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pronounced: koo-KER-bit-uh MOSS-kuh-tuh
(Cucurbitaceae — the squash family)
common name: Pumpkin
Cucurbita is the Latin word for a gourd, and moschata means ‘musk-scented’, from the Italian word for musk, muschio. The pumpkin originated in central America, probably more than 4,000 years ago, and was introduced into North America as early as the 16th century. Various forms of pumpkins and squash were traditionally grown by the native American tribes in their ‘Three Sisters’ system of crops: maize, beans and squash were planted together, with the corn-stalk providing support for the climbing beans, and shade for the squash. The squash vines provided ground cover to limit weeds. The beans fixed nitrogen in the soil for all three crops. By the early 19th century, at least three varieties of pumpkin are known to have been produced commercially in North America, from seeds obtained from native Americans.
The diversity of pumpkins equals that of tomatoes. Golden Nugget is preferred for small gardens. For gardeners who want record-breakers, Atlantic Giant produces massive fruit. Jap suits the tropical north, while Butternut crops reliably everywhere. Beaudesert Blue and Queensland Blue are local varieties, and there is a variety Jarrahdale from Western Australia.
English visitors often joke about the Australian love of pumpkin as a food, pointing out that in the UK it is only fed to animals. This is true! Pumpkin-eating is mostly, though not entirely, confined to North and Central America and Australia. Most parts of the plant are edible. In Townsville during the Second World War, when vegetables were hard to come by, my mother sliced the leaf stems longitudinally and used them as a substitute for French beans.
As with all other members of the family, pumpkin flowers come in pollen-bearing male form, and the ovary-bearing female form, with both forms being present on the same plant. The flowers are short-lived, and often close by mid-morning. Native and honey bees are normally able to complete pollination, but sometimes ants harvest the pollen before this occurs. Many commercial growers use hand pollination to improve the fruit set.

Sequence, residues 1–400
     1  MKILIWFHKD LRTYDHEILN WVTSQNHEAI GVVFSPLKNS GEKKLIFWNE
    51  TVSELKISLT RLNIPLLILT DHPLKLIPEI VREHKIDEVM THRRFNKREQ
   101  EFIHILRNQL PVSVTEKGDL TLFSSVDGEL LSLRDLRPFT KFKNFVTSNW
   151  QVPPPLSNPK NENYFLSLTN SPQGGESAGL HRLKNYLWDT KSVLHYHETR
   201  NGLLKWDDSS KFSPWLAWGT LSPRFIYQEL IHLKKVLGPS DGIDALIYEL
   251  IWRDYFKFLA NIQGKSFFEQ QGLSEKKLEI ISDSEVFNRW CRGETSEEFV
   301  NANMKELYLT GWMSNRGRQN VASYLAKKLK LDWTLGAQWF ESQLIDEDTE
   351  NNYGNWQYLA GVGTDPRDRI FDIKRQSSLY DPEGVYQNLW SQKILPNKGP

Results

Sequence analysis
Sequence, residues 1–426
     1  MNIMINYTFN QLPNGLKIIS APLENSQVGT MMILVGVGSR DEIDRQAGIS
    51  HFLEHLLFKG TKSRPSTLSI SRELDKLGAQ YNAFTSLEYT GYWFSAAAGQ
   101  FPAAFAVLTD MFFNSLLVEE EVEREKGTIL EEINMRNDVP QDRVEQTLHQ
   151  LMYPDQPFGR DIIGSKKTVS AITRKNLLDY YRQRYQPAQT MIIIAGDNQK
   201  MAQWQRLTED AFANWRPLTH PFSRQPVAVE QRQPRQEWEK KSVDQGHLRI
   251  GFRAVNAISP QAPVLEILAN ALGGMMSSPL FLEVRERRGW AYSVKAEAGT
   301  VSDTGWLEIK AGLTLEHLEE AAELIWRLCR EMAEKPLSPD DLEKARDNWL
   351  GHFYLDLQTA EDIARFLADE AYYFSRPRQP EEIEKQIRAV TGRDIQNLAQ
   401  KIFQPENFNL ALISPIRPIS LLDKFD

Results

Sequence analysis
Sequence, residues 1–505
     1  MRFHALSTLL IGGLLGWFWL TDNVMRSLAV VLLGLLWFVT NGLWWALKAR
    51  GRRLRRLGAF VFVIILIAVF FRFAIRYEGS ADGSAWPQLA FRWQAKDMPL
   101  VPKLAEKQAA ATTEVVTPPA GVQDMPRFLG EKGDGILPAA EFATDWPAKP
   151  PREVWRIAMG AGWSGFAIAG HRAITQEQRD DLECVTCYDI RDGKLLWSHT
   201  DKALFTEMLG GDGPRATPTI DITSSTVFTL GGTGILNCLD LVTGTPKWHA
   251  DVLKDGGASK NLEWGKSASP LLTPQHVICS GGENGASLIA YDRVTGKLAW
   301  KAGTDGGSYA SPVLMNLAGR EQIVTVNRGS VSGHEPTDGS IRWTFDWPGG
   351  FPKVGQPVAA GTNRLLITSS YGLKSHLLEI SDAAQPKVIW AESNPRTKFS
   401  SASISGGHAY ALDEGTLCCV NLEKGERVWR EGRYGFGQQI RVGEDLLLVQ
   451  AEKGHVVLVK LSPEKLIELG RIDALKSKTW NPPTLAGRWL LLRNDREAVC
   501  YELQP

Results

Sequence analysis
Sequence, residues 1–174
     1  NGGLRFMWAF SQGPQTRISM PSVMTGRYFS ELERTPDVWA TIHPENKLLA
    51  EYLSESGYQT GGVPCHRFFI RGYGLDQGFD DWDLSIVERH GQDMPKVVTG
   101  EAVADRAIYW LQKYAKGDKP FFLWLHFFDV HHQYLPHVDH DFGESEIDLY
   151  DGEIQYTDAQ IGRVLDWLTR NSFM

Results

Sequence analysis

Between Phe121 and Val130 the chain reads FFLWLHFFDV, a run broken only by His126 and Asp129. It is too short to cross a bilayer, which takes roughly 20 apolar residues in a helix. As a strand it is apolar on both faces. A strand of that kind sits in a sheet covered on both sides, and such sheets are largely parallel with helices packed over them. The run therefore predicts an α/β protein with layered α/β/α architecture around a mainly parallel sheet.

When ripe, the pumpkin can be boiled, baked, steamed or roasted. Often it is made into pies and soup. Pumpkins that are still small and green can be eaten in the same way as zucchini. In the Middle East, pumpkin is used for sweet dishes, especially a delicacy known as halawa yaqtin. In South Asian countries, pumpkin is cooked with butter, sugar and spices in a dish called kadu ka halwa. In parts of China, the leaves are used as a green vegetable, and in soups. In Japan, small pumpkins are served in savoury dishes, including tempura. In Thailand, small pumpkins are steamed with custard inside and served as a dessert. In Italy pumpkin is sometimes used with cheeses as a savoury stuffing for ravioli. In some countries pumpkin is even used to flavour both alcoholic and non-alcoholic drinks. All this makes the usual Australian roast or mashed pumpkin sound a bit dull!
Pumpkin seeds are a good source of magnesium, manganese, phosphorus and phytosterols, and are said to benefit the liver and increase immune response.
Information about medicinal qualities of plants, or about their use as medicines, is for interest only, and is not intended to be used as a guide for the treatment of medical conditions.
Photographs taken in Picnic Bay 2009-2011, Nelly Bay 2016
Page last updated 24th December 2017